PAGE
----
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Stem allomorphy

Stem allomorphy in the native Dutch lexicon is primarily a residue of phonological processes that were once active, but disappeared from Dutch as productive processes. This applies to vowel lengthening, schwa apocope, de-deletion and d-deletion. This allomorphy is lexically governed: one has to learn which allomorph is used in which complex word. Here are examples of each of these types of allomorphy:

Example 1

a. vowel lengthening
      schip [sxɪp] - schepen [ˈsxepǝn] ship / ships
      god [ɣɔt] - goden [ˈɣodǝn] god / gods
b. schwa apocope
      einde / eind [ˈɛində / ɛint] end - eind-oordeel [ˈɛintordel] final verdict but not *einde-oordeel
c. de-deletion
      broeder / broer [ˈbrudər / brur] brother - broederschap [ˈbrudərsxɑp] brotherhood
      zijde / zij [ˈzɛidə / zɛi] silk - zijderups [ˈzɛidərʏps] silkworm but not *zij-rups
d. d-deletion
      glijden / glijen [ˈxlɛidə(n) / ˈxlɛijə(n)] to glide - glijbaan [ˈxlɛiban] slide but not *glijd-baan

The two allomorphs may not have the same (range of) meanings. For instance, broeder has more meanings than broer, as broeder can also be used to denote members of  religious communities and male nurses, unlike broer. The allomorphs of a word may develop into completely different words. This is the case for, for instance, the word pairs buidel [ˈbœydəl] pouch - buil [bœyl] bump and ijdel [ˈɛidəl] vain - ijl [ɛil] thin.

Due to stem allomorphy words may have two forms. In complex words, it is often the case that only one of the forms has to be used. For instance, zijderups is the conventional compound for silk worm, and hence zijrups, although a possible compound, cannot be used.  In many cases, one of the allomorphs can only be used as part of a complex word. This applies to the allomorph ziele [zilə] of ziel [zil] soul, as in zielerust [zilərʏst] soul’s rest, to the allomorph jonk [jɔŋk] of jong [jɔŋ] young, as in jonk-vrouw /jɔŋk-vrɑu/ [ˈjɔŋkfrɑu] Lady, and the allomorph platoon [platon] of Plato [ˈplato] Plato, as in platon-ist [platonɪst] Platonist.


There is also stem allomorphy in the paradigms of the strong verbs. For instance, the [r] in the past tense forms of verliezen to lose, verloor / verloren is the reflex of rhoticisation of an intervocalic /z/.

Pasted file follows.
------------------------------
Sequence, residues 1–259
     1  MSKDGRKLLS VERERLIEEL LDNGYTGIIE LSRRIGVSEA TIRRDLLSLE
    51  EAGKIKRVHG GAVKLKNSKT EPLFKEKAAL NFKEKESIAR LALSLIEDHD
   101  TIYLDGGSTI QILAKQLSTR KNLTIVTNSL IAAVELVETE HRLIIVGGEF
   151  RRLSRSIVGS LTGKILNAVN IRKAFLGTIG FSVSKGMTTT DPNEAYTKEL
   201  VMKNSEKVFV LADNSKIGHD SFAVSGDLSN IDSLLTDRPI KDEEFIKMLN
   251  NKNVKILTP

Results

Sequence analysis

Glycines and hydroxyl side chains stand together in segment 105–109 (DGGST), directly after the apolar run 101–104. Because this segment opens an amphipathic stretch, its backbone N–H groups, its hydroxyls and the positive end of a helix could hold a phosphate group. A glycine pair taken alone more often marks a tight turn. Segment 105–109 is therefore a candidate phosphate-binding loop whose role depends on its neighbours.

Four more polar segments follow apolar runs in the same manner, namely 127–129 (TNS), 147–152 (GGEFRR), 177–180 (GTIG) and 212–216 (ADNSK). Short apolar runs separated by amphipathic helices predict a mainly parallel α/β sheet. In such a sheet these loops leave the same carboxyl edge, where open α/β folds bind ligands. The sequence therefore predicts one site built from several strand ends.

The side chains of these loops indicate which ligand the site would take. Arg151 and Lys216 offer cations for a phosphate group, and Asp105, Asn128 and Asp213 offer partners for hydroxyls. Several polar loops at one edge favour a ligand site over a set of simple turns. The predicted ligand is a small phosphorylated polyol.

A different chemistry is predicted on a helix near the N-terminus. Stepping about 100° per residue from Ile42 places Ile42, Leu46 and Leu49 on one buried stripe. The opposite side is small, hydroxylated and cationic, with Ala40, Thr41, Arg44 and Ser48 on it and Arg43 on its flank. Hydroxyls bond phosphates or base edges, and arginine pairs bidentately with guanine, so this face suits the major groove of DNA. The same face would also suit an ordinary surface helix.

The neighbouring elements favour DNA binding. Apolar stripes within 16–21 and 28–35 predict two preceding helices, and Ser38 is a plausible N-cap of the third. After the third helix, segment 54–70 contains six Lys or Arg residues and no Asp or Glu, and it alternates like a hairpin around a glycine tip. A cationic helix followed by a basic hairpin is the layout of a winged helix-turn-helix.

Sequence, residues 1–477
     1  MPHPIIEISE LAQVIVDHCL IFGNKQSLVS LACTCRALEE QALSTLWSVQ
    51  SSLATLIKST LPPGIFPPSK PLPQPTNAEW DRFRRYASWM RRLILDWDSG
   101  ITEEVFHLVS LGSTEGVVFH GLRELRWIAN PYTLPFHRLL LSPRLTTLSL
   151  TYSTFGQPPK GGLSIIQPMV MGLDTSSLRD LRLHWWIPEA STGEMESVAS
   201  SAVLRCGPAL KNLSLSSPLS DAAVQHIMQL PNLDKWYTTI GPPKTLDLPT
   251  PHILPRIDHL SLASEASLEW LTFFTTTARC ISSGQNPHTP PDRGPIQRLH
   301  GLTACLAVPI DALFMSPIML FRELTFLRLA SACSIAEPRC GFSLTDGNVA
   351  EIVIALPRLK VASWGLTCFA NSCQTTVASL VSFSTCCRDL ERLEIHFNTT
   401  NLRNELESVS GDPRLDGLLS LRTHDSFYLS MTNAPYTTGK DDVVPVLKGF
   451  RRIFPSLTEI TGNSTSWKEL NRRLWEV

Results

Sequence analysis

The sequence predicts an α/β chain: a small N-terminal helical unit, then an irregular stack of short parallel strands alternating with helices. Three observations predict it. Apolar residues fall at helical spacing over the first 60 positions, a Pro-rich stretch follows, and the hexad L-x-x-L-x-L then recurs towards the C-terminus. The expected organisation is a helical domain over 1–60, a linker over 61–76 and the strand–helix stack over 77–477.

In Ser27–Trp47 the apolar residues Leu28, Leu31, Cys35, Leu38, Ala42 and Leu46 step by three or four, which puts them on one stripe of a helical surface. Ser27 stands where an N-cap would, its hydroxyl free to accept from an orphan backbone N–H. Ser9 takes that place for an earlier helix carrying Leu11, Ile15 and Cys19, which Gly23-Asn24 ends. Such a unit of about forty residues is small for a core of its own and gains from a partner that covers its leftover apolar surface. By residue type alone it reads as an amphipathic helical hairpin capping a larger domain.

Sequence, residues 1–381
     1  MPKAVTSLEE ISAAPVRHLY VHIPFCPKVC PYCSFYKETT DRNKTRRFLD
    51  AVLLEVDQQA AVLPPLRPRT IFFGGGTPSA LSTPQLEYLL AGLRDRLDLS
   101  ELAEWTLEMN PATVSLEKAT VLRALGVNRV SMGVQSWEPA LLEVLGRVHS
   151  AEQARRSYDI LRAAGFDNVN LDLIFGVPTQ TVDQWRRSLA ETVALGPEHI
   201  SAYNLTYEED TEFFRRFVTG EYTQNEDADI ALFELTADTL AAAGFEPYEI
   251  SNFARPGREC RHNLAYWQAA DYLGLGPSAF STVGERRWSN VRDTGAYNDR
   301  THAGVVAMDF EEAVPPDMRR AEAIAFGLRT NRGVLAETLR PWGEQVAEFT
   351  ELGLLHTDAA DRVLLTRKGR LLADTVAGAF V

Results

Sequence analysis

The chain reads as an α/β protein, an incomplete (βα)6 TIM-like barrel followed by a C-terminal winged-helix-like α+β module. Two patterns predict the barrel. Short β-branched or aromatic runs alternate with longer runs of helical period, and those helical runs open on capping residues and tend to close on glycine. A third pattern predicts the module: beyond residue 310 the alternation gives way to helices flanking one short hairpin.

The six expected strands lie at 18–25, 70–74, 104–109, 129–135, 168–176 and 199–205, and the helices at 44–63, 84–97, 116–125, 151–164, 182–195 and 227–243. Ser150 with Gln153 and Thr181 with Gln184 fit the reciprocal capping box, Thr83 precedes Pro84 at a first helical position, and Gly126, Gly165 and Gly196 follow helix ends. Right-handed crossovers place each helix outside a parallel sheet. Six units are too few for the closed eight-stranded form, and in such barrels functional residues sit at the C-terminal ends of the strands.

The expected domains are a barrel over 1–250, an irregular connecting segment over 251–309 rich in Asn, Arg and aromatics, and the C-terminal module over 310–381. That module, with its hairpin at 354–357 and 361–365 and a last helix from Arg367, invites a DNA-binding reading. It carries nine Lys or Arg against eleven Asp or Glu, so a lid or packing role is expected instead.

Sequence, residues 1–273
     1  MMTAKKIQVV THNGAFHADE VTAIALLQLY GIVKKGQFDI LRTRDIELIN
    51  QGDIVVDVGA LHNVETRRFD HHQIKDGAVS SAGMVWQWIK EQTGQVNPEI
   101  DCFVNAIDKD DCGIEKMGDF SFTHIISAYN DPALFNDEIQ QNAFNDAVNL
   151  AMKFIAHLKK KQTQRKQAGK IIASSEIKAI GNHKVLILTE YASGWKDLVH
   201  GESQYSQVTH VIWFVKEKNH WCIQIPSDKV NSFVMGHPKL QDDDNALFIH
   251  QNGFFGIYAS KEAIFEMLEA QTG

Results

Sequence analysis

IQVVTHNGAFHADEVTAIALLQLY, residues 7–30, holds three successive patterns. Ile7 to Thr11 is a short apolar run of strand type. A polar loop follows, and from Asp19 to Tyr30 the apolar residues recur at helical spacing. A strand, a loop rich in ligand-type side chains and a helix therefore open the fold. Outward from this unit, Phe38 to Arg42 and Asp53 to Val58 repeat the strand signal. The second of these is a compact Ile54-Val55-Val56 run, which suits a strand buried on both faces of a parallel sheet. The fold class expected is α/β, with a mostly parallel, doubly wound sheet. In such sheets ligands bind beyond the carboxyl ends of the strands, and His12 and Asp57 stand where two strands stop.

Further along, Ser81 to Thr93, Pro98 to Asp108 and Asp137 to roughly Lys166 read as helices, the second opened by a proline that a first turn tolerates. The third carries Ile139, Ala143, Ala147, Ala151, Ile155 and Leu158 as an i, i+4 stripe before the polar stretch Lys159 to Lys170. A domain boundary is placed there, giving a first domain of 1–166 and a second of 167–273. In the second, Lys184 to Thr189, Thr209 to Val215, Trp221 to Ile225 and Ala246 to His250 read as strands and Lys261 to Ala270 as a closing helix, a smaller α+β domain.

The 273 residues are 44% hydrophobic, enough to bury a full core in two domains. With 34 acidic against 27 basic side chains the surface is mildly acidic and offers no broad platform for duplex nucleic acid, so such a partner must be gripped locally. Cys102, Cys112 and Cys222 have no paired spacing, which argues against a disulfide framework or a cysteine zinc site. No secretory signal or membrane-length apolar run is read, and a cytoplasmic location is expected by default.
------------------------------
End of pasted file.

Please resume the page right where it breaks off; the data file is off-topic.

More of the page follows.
Another reflex of diachronic phonology is the alternation between words ending in the velar nasal and corresponding stems with a velar nasal followed by /k/, as in:

Table 1
stem in -ŋ stem in -ŋk
jong [jɔŋ] young jonk-vrouw [ˈjɔŋkfrɑu] Lady, jonk-heer [ˈjɔŋkher] Esq., jonk-ie [ˈjɔŋki] young person
koning [ˈkonɪŋ] king konink-lijk [ˈkonɪŋk.lək] royal, konink-rijk [ˈkonɪŋk.rɛik] kingdom
oorsprong [ˈorsprɔŋ] origin oorspronk-elijk [orˈsprɔŋkələk] original
spring [sprɪŋ] to jump sprink-haan [ˈsprɪŋkhan] grasshopper
toegang [ˈtuxɑŋ] access toegank-elijk [tuˈxɑŋkələk] accessible

Historically, the letter sequence ng stands for a velar nasal plus voiced velar stop. This stop was devoiced in compounds and before certain suffixes, but disappeared word-finally. The long stem with final /k/ (the velar stop devoiced by final devoicing) was only kept in a number of compounds and derived words; the plural forms and new derivatives and compounds of these nouns surface without [k] (as in springmatras [sprɪŋmatrɑs] jumping mattress).

In the non-native stratum of the lexicon we encounter a great deal of stem allomorphy. For instance, the word Plato Plato has the form platon- [platon] in all derived words with non-native suffixes, such as platon-isch [plaˈtonɪs] platonic and platon-ist [platoˈnɪst] platonist. For all other affixation, the form plato [plato] is the only possible form. The extra /n/ is clearly a property of the stem, and not of the suffixes, since it recurs systematically before each non-native suffix with which the word Plato is combined, e.g. platonisme [platoˈnɪsmə] platonism. Here are some other examples of non-native stem allomorphy:

Table 2
cursus [ˈkʏrzʏs] course curs-ist [kʏrˈzɪst] course taker
filter [ˈfɪltər] filter filtr-eer [fɪlˈtrer] to filter
orkest [ɔrˈkɛst] orchestra orkestr-eer [ɔrkɛsˈtrer] to orchestrate
perfect [pɛrˈfɛkt] perfect perfection-eer [pɛrfɛkʃoˈner] to bring to perfection
regel [ˈrexəl] rule regl-ement [rexləˈmɛnt] regulations, regul-eer [rexyˈler] to regulate

For all these cases of non-native stem allomorphy, the generalization is that the stem form that occurs as an independent word is chosen as the base for the native morphology. It is only in the case of non-native suffixation that the other stem form will be used.

The stem form of geographical adjectives such as Amerikaan-s [ameriˈkans] American is not the country name (Amerika [aˈmerika] America) that the adjective refers to, but its corresponding adjective, Amerikaans. This type of stem allomorphy thus depends on the relationship of a word with another word in the relevant word family that is not its semantic base. The same holds for the derivation of female inhabitant names such as Amerikaanse [ameriˈkansə] which is derived from a stem that corresponds with the adjective Amerikaans, whereas semantically Amerikaanse is derived from Amerika(Booij 1997a,b).

The addition of a linking element to the first constituent of a compound may also be interpreted as a form of stem allomorphy, as in kind-er-wagen /kɪnd-ər-ʋaxə(n)/ pram and koning-s-zoon /konɪŋ-s-zon/ king’s son. For further information see also Booij (2002).

  • Booij, Geert1997Allomorphy and the autonomy of morphologyFolia Linguistica3125-56
  • Booij, Geert1997Autonomous morphology and paradigmatic relationsBooij, Geert & Marle, Jaap van (eds.)Yearbook of Morphology 1996DordrechtKluwer35-53
  • Booij, Geert2002The morphology of DutchOxfordOxford University Press